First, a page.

Let $\Omega\subset \mathbb{R}^n$ be a bounded domain with infinitely smooth boundary. Let $u\in C^2(\bar \Omega)$ be a solution of the Dirichlet problem for the non-linear equation \begin{eqnarray} F(x,u,\nabla u,\nabla^2 u)=0 \mbox{ in } \Omega,\\ u=\phi \mbox{ in } \partial \Omega. \end{eqnarray} Let the equation be elliptic with respect to $u$. Let us assume that $F,\phi$ are infinitely smooth.

QUESTION. Is it true that the assumption $u\in C^{2,\alpha}(\bar \Omega)$ for some $0<\alpha<1$ implies that $u\in C^\infty(\bar \Omega)$? A reference would be very helpful. Special cases are also of interest.

Remark. So far I was able to find in literature two special cases of this statement.

(1) In the above generality in follows that the solution $u\in C^\infty(\Omega)$ (i.e. smooth in the interior of $\Omega$, not including the boundary). This is Lemma 17.16 in the Gilbarg-Trudinger book.

(2) The question has positive answer (including the boundary) for $F$ of the form $$F(x,u,\nabla u,\nabla^2 u)=G(\nabla^2u)-f(x).$$ This is Prop. 5.1.10 in Qing Han's book.


1 Answer 1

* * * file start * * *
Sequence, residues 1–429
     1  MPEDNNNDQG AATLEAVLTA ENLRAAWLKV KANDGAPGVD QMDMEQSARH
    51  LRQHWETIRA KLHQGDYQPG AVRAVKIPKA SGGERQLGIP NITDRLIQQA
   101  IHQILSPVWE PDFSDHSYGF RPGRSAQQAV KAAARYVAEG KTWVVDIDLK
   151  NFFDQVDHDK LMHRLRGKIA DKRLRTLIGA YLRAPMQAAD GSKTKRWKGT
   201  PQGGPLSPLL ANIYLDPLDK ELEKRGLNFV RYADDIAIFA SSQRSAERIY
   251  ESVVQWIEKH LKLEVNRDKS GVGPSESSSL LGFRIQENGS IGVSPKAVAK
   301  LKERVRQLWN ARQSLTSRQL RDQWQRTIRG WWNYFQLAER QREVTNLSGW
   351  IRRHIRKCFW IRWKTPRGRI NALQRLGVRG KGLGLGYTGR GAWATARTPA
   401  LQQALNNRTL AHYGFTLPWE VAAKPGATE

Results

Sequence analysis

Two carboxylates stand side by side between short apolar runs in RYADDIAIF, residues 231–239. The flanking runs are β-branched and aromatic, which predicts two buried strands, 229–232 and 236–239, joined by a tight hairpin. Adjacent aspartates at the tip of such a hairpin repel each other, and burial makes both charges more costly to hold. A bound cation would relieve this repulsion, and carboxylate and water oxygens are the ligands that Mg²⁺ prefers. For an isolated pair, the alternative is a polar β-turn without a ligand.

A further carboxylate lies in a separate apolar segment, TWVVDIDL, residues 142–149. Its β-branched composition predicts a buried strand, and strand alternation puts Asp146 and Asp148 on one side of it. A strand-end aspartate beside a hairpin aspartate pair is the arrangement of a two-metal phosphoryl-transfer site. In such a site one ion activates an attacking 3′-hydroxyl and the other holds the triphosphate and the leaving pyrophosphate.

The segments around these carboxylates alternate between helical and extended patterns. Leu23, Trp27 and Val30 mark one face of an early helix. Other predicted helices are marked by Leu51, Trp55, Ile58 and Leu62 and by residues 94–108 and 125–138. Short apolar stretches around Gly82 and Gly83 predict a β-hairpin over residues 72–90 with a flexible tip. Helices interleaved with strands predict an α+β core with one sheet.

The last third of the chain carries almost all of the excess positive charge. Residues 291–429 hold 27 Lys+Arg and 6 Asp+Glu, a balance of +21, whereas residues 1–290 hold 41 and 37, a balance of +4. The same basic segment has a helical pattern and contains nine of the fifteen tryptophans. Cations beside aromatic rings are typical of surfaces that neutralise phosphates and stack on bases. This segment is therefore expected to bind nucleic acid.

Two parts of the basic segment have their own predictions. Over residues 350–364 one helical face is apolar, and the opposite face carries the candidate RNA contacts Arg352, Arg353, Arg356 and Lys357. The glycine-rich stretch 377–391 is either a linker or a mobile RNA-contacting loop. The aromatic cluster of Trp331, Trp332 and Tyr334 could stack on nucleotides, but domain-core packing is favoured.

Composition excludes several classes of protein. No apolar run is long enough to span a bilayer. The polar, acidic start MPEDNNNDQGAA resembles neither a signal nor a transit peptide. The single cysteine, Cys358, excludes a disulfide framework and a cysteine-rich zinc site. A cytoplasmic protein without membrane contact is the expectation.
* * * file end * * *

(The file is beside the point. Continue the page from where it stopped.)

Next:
It is true and well-known (assuming $F$ is e.g. uniformly elliptic). The idea is sketched in ch. 9 of the book by Caffarelli-Cabre, but I am not sure of a precise reference at this level of generality. Interior smoothness follows from interior Schauder estimates (applied to difference quotients of $u$ and its derivatives, successively). To extend to the boundary, one uses boundary Schauder estimates. One can reduce to the case of zero boundary data and flat boundary (that is, $\Omega = B_1^+$ and $u = 0$ on $\{x_n = 0\}$) after subtracting $\phi$ and performing a diffeomorphism, which don't change the class of equations under consideration. The difference quotient method and boundary Schauder estimates show that $u_i$ are $C^{2,\alpha}$ up to the flat part of the boundary for $i < n$. By the uniform ellipticity of the equation, $u_{nn}$ can be written as a smooth function of $u_{ij}$ for $(i,\,j) \neq (n,\,n)$, $\nabla u$, $u$, and $x$. All of these quantities are $C^{1,\,\alpha}$ up to the flat part of the boundary, hence $u \in C^{3,\,\alpha}$ up to the boundary. Higher regularity follows after differentiating the equation (the coefficients of the differentiated equation are now $C^{1,\alpha}$) and applying a similar procedure. (One in fact only needs $u \in C^2\left(\overline{\Omega}\right)$; the first step uses instead the Calderon-Zygmund $W^{2,\,p}$ estimate for the equation solved by the difference quotients to get $C^{2,\alpha}$ regularity via embeddings (take $p > n$), and then proceeds as before).


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